Robert Kubica's Comeback Chances Are Getting Serious

Maybe we will get to see the Pole on pole again.

Clive Rose, Getty Images Sport

It may be Independence Day in the USA, but nobody will be celebrating more than Poland today: Robert Kubica's chances of a return to Formula One are looking greater than ever. While Renault Sport F1 has been playing hard to get, stating that they don't want to disappoint anyone if nothing came of the opportunity they are giving Kubica, more news has come out that suggests the rekindled Renault-Kubica relationship is escalating fast. This morning, the BBC reported that Kubica is due for another test session with Renault, as a follow-up to his race weekend simulation at Valencia last month, at which, he proved himself faster than Renault's current reserve driver, Sergey Sirotkin. Details on the upcoming test session are not yet known.

The BBC article also alleges that an insider with knowledge of the team's simulator program says that Kubica isn't just competitive in the 2012 car— he's as fast as current number one Renault driver Nico Hülkenberg in simulations of the team's current car. While this does not guarantee the performance can be matched on track, due to Kubica's physical limitations, there is little reason to put stock in those doubts, as Kubica has managed with little difficulty to prove himself capable in the 2012 car.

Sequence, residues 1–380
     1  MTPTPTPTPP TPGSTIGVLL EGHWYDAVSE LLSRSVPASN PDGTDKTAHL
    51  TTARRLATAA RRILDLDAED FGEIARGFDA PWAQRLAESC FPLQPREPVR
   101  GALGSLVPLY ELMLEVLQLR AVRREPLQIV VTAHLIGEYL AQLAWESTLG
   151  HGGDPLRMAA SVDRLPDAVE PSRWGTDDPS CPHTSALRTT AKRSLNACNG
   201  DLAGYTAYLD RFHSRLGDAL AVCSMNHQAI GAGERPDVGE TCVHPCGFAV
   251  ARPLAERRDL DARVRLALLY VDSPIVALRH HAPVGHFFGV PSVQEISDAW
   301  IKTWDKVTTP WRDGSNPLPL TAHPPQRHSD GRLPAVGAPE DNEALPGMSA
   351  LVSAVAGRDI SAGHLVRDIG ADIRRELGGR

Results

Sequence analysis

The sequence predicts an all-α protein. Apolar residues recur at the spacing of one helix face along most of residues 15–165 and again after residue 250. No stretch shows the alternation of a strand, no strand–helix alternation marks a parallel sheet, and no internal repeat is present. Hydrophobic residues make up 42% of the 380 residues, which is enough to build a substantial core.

In an interview with Auto Express at Goodwood, Kubica states that he himself is aware of the possibility of being unable to return to Formula One, and that he is prepared to be shelved again, but not without giving this chance every gram of willpower and talent in his body. Even in spite of the acceptance of the harsh, and very real possibility of his efforts amounting to nothing, his confidence in himself is higher than ever. Mere months ago, he said he would estimate his chances at a return to Formula One as being no greater than 20 percent, but now? "I'd put it at 80 or 90 percent," says a coolly confident Kubica.

Both Renault and Kubica are apprehensive about the Polishman's return to the sport after such a long absence, but both are making a bold push onward anyway. The worst thing that both parties can end up with is closure, after all.

From fans all over the world: godspeed, Robert. We want you back.